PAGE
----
Pubs contribute raw material for the Baltimore arts scene

THE BALTIMORE SUN

In Baltimore, at least in some circles, it's a high compliment to be compared to Raoul Middleman, especially if you're a 22-year-old artist having your first important show and Middleman was one of your instructors at the Maryland Institute. I'm guessing Tony Shore appreciated that I noticed Middleman's style -- like it was so hard -- throughout Shore's "Bawlmer Portraits" (acrylic on black velvet) at Gallery M, 1000 Hollins St. And just as soon as I made the comparison, Shore was pointing the way to a portrait of Middleman hanging in the rear of the gallery.

Shore's faces -- the gnarly, the hairy, the veiny, the deliciously twisted and grotesque -- smile out from the black velvet, and the effect is that of stepping into an honest Baltimore bar, one of the real neighborhood joints.

Skeeter's, on Washington Boulevard near Harman Avenue, is where Shore found most of his subjects. He grew up near there.

So he knows the dart-league guys -- Charlie, Kev and The Bear. He knows Ray and Rachel, one of the barmaids. He knows Della, Vincent and Mary. He's even familiar with the fetching but nameless lady sitting at the bar. "I call her Sex Kitten," Shore says, "because every time she gets up to walk through the bar, the other people make meow noises."

Another nameless subject, also a bar figure, turned out to be "69" because that's what the barmaids call him. "Because that's his drink, whatever it is, a No. 69 on the drink chart," Shore says. His signature piece -- as simultaneously garish, comic and real as the rest -- is a splendid portrait of a happy guy in a Saturday-night tuxedo; his name is Johnny, and he's well-known around Hollins Market. When he waves and says, "Hi, buddy," it comes out, "Hey, bawdy."

Shore imitates Johnny that way, but he doesn't make fun of him, and that's an important distinction. Shore's attitude does not come out of some phony celebration-of-the-common-man blue-collar chic. Calling his work urban realism is maybe too lofty. It's what the kid knows, and he obviously knows it well. His show is at Gallery M until April 24.

Call of the Irish

I got a friendly Irish nudge to go to J. Patrick's, on Andre Street, just a block from Fort Avenue in Locust Point. The place was sleepy when I showed up, about 8 o'clock. But soon there was a happy gathering like you wish you'd see in every neighborhood pub every night of the week. First Peter Fitzgerald, 10 years away from County Meath, sat down with a banjo. Then a pretty lass and a boy pulled up with fiddles. And there was a long, tall splinter of a man with a uilleann pipe. Guitars arrived, and more fiddles, a flute and a couple of pipes, bohdrans, a concertina. And the crowd grew each moment. A fine gathering. Every week, J. Patrick's offers a good amount of Irish music. (Rigadoo is the house band.) But Peter Fitzgerald plays magnet to the city's walk-on Irish musicians the first Thursday of each month. Make a note on your calendar.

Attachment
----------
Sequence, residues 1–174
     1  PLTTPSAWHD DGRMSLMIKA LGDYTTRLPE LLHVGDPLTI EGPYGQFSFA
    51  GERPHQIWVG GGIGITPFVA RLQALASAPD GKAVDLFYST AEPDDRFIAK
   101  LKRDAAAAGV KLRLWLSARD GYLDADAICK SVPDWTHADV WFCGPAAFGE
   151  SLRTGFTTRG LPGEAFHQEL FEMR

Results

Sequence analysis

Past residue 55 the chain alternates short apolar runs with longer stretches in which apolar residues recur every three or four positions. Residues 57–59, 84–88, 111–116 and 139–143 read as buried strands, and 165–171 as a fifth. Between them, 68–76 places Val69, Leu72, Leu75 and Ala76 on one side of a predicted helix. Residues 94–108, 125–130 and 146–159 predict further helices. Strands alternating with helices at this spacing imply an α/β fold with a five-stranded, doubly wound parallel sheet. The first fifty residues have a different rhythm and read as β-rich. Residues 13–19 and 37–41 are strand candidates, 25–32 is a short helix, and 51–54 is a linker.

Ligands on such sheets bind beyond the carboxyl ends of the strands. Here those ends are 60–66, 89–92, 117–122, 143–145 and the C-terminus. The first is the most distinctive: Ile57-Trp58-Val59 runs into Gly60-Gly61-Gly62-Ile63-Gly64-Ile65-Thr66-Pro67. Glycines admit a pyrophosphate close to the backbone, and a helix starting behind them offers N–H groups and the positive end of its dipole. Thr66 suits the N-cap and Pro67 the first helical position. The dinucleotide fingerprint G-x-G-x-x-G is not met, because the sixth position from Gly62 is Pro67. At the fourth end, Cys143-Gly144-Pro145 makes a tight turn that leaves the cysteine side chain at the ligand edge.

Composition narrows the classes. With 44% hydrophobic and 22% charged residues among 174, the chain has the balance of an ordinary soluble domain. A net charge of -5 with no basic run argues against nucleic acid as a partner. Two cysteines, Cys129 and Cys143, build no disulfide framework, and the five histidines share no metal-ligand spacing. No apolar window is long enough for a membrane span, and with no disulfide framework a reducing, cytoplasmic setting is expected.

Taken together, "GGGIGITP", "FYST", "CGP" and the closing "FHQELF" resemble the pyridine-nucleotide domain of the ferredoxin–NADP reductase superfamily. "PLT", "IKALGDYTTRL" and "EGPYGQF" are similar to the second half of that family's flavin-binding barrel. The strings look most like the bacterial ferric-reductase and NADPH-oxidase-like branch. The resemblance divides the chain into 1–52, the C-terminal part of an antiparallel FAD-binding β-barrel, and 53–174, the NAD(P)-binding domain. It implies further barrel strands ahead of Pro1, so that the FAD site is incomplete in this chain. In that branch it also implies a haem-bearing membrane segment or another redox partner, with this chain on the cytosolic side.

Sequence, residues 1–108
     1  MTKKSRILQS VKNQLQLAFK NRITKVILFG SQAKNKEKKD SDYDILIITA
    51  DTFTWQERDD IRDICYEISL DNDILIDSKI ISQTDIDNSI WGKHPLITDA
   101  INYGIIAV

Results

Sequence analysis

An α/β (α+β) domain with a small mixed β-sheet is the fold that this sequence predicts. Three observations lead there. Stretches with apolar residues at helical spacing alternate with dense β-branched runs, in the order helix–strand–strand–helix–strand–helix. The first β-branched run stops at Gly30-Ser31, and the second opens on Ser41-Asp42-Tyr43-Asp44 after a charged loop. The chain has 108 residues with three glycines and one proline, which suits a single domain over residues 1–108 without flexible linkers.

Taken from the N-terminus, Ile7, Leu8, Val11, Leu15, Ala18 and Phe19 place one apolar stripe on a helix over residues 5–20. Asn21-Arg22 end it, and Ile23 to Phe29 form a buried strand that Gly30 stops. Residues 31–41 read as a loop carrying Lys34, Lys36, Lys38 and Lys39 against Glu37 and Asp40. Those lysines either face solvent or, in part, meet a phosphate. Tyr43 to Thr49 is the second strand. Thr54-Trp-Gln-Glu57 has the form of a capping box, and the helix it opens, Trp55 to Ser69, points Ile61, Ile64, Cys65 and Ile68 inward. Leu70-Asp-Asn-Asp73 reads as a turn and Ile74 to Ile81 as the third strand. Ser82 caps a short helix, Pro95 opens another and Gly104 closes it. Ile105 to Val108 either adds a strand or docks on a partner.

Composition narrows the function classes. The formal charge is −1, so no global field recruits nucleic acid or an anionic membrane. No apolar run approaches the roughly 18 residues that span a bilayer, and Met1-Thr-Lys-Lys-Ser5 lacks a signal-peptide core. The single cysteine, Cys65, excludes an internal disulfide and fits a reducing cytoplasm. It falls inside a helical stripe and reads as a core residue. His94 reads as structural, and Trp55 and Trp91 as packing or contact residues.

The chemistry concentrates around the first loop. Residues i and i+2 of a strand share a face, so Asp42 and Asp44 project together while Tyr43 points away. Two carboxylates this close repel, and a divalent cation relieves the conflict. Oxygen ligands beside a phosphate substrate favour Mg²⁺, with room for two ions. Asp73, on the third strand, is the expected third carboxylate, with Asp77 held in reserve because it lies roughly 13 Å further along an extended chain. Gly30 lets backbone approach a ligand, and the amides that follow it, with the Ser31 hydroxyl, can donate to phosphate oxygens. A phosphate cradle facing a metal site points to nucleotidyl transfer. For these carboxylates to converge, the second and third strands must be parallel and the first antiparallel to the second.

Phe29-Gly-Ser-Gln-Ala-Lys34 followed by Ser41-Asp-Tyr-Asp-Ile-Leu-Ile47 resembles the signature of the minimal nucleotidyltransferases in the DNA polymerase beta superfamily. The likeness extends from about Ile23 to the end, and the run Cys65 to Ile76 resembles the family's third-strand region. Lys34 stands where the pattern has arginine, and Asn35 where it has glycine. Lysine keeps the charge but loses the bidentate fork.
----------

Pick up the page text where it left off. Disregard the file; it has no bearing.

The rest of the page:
A real feast

Getting stuck at a lunch counter next to a customer with body odor, a bad cough and a burning cigarette in his fingers -- hey, you can't blame the owners of a diner for that. (Except for the cigarette factor; that's something a restaurateur mostly definitely can control.) Despite the logistical problems -- boy, did that guy need a bath -- I enjoyed my first trip to the new PaperMoon Diner, on West 29th Street, site of the old Open House. (Hey, everyone else is reviewing this place, why shouldn't I?) I had a great meal during a busy noon hour. The chicken-vegetable soup was very tasty -- kinda herbal, know what I mean? -- and the turkey powerhouse sandwich with honey-mustard was delicious, served on bread of quality. It was fun watching the manic workers at the grill. The fabulous lunch counter looks like the result of a graduate project at the Institute, and the whole place, including a dining room in the rear, is decorated in a style that might be called deco-Technicolor-funkhouse. It's a feast for the eyes as well as your palate. (Kinda like Haussner's, only different, know what I mean?) Service was good. Jukebox excellent -- we heard Sinatra and UB40 during lunch. PaperMoon is open 168 hours per week.

Unstressing a cat

If you happen to be waiting in line at the checkout, check out that oh-so-credible supermarket rag, Sun. (Not The Sun; the tabloid's official name does not include the definite article.) Everyone likes local-boy-makes-it-big stories, and you can find one on Baltimore's own Mike Gabriel in the April 12 edition. Not just a little mention either. We're talking FULL-PAGE SPREAD!! There's a picture of Mike in a turban -- he looks like Tiny Tim -- along with a story about his work in the field of cat yoga. You got it. Cat yoga. Mike says he has modernized this "ancient art" and considers himself the "father of modern American Cat Yoga." He says he spent eight years in Asia learning the craft from the masters, and now teaches classes and gives private lessons to pets and their owners in and around Baltimore. He's also working on an illustrated book on the subject. Mike claims -- and this is the part I find hard to believe; my cat never did anything but sleep and eat -- that cats experience stress just as humans do. Cats, therefore, can benefit from their own form of yoga. Mike claims 58 positions can help your whacked-out feline become oh-so mellow.

How does Mike measure his success? Hairball reduction. Fewer hairballs, less cat stress. It's as simple as that.

Copyright © 2021, The Baltimore Sun, a Baltimore Sun Media Group publication | Place an Ad
88°